So any attempt to retranslate the Bible into better English, for them, destroys part of what the Bible is.
At its extreme, this gives us the KJV-Only movement. For people who adhere to that philosophy, the archaic language of the KVJ — “spake,” “verily,” “holpen,” etc. — is the Bible, and for them, modern translations destroy what the Bible is.
But I think that this perceived foreignness is an artifact of poor translation and a misunderstanding of how language works. That is, the foreignness of the Bible that some people want to capture in translation is really just the foreignness of previous translations, not of the Bible itself.
Making matters much worse, many of the people who decide to become Bible translators do so because of their love for the Bible, a love they gained as they grew up with bad translations. So Bible translators (a) start to think that “God spoke unto Moses, saying” actually is English; and (b) want to produce a translation that preserves their childhood understanding of what the Bible is.
This situation strikes me as doubly lamentable. Not only have poor translations hidden the original beauty of the Bible, they have prevented people from taking the steps to find it.
Genesis 2:7, according to the KJV, has the creation of man “from the dust of the ground.” But why “dust”?
The Hebrew here is afar, and it doesn’t seem to mean “dust.”
From Genesis 2:7, we know that it’s something on the ground, but we don’t know what. “Dust” is a possibility, just from this verse, but — again, just from this verse — so is “grass,” “rocks,” “lichen,” “mud,” etc. So we look further.
Genesis 13:16 helps us a little. There we read that Abram’s descendants will be like the afar on the earth, so that if the afar can be counted, so can Abram’s descendants. So afar can’t mean “mud” or “clay.” It seems to refer to particles of some sort.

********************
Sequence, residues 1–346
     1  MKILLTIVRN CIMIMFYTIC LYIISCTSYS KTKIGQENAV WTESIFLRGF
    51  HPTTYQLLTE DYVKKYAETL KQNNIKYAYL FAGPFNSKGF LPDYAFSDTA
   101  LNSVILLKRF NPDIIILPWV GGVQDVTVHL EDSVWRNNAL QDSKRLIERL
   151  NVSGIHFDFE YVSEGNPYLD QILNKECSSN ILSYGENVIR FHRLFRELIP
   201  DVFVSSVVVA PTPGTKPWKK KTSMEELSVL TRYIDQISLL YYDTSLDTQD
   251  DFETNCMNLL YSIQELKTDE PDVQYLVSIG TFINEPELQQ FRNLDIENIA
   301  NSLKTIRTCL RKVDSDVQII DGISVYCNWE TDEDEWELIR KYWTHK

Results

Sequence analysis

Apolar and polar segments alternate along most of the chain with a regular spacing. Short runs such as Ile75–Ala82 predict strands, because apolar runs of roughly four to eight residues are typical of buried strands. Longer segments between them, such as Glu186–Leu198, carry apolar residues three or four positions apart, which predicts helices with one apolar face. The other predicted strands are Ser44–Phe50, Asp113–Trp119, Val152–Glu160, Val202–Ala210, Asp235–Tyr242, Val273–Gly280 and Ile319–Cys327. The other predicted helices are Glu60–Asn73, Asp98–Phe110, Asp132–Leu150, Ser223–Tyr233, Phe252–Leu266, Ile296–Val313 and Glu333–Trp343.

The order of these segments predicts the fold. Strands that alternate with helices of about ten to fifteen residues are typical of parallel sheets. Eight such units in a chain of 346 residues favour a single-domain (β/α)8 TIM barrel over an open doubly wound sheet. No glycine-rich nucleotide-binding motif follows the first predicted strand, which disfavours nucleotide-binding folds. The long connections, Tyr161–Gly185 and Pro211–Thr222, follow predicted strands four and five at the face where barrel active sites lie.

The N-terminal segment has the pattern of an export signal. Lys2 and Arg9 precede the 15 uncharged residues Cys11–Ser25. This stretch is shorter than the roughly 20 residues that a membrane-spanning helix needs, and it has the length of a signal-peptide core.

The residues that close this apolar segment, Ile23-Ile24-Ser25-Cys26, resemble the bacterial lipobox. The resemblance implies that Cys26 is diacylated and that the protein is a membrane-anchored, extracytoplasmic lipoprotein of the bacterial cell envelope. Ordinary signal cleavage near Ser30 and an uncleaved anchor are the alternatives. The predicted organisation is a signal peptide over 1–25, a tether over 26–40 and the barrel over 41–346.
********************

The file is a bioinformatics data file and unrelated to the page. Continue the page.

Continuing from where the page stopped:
Genesis 18:27 is helpful in a different way. There we see afar used as a metaphor of humility. (The full phrase is “afar and efer.” I’ve explained elsewhere that the English “dust and ashes” doesn’t do justice to the repetition of sounds in afar and efer: “Doublets Are Part And Parcel of Bible Translation.”) I Samuel 2:8 emphasizes the connotation of lowliness: God “raises the poor from afar, lifts up the needy from the trash.” And the vivid imagery of Isaiah repeatedly uses afar to represent humility.
But next we look at Genesis 26:15, which explains that the Philistines had filled Abram’s wells with afar. And here we see the problem with “dust” for afar, because one would use “dirt,” not “dust,” to plug up a well. (And, indeed, the KJV goes with “earth” here for afar.)
The basic problem is this: “Dust” in English refers specifically to particularly fine-grained particles, of earth or otherwise. “Dirt,” by contrast, is just what’s on the ground, and we seem to be talking about dirt here.